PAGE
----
Generally speaking, the only people who have to know that you’re autistic are the people who work in disability services. All that your professors, residence directors, and campus employers need to know is this: you are registered with disability services and need certain accommodations. You can certainly tell your professors, for example, that you’re autistic — but you do not have to and it’s illegal for them to ask. What’s most important is having equal access (in class, in your residence community, and at work) so that you’re able to learn and participate fully.
When I attended college, the disability services office provided a number of supports and accommodations. As an accommodation, I received extra time on exams. Additionally, I had the option of taking my exams in a quiet, sound-proof room. I was also assigned a disability counselor. At first, I met with her every two weeks, mostly to brainstorm how I might “participate” in class. I have a hard time following and entering classroom discussions, so we devised other possibilities, like keeping a class blog or talking with my professors one-on-one, outside of class, to demonstrate that I’d done the reading.
Most importantly, though, my counselor served as my advocate, and helped me to become a more effective self-advocate. At a few points, I found myself in situations where my professors didn’t want to accommodate me, even though the accommodations were reasonable. In these instances, my counselor intervened on my behalf to get those accommodations in place.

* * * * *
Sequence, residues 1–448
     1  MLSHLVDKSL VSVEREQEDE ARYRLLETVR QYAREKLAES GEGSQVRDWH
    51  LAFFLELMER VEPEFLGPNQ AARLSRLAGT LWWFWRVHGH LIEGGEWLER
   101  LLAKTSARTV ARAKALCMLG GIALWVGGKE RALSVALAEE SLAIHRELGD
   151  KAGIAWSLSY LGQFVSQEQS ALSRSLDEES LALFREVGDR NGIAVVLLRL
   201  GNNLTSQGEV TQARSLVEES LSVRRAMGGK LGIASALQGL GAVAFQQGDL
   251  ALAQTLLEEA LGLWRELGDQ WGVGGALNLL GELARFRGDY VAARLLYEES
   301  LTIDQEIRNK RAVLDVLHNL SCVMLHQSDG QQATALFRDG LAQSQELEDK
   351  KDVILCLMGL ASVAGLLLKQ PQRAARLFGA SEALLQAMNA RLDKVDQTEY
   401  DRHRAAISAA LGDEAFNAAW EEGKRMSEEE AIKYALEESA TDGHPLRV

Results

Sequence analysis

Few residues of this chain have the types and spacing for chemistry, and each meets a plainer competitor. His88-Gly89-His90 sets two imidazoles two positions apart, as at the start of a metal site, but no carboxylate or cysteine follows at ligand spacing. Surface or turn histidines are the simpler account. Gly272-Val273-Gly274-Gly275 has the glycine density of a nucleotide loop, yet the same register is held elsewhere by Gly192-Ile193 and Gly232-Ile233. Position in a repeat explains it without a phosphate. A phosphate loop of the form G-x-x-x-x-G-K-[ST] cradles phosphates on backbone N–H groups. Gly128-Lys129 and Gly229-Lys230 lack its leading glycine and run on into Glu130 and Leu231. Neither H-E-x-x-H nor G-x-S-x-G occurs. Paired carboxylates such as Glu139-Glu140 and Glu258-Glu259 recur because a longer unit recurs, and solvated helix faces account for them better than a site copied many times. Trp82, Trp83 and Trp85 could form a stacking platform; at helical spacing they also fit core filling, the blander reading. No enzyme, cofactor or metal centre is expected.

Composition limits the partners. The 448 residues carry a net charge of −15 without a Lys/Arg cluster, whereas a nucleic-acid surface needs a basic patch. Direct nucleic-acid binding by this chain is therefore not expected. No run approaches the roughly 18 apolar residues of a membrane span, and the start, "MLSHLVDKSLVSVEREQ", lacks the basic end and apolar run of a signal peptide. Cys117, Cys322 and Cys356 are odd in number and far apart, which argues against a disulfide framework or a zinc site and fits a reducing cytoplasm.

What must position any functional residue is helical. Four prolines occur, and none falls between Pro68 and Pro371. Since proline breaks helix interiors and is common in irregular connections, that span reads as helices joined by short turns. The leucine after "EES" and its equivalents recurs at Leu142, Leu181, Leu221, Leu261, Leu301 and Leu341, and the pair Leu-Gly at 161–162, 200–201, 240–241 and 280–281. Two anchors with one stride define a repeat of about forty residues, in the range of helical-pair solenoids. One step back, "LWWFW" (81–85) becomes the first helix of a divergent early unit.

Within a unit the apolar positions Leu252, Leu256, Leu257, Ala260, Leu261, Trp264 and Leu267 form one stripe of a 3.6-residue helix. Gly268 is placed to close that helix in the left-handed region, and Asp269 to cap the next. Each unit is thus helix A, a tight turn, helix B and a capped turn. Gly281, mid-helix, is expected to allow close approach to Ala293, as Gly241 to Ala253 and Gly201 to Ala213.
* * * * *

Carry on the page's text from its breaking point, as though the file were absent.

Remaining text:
If you’re in need of accommodations, you might choose to disclose your disability at work. Because no two employers are alike, there are a variety of ways you might approach this. If your employer has a human resources office, you can begin the accommodation process there. A human resources assistant can oversee and implement workplace accommodations and supports. And, if any problems arise on the job, you should contact human resources in order to work out a solution.
If you don’t have immediate access to a human resources office, you might discuss accommodations with your supervisor. You might also find it helpful to involve a job coach or other transition support agency as you and your employer discuss reasonable accommodations in the workplace.
Unfortunately, disputes over accommodations do arise at school, work, and beyond. If your professor or employer believes an accommodation is unreasonable — that is, something that would alter the nature of the class or would cause them undue hardship — they can deny your requests.
When you find yourself in these situations in college, set up a meeting with your disability services office. If these disputes arise at work, discuss the situation with human resources or a supervisor. Sometimes, these offices will advocate on your behalf for your requested accommodations. Sometimes, though, they won’t advocate — if they believe your request cannot be reasonably or realistically accommodated.
Beyond college offices and human resources offices is the wider disability community, which contains networks of disabled activists. These activists strive to make school, work, and community life more accessible. They have a lot of advice to share, and they can serve as mentors and advisers as you navigate the disclosure process.
- ASAN: Employment and Accommodations
- DREAM: Disability Rights, Education, Activism, and Mentoring
- NYLN: Support Systems
- Ohio State Office for Disability Services – Career Resources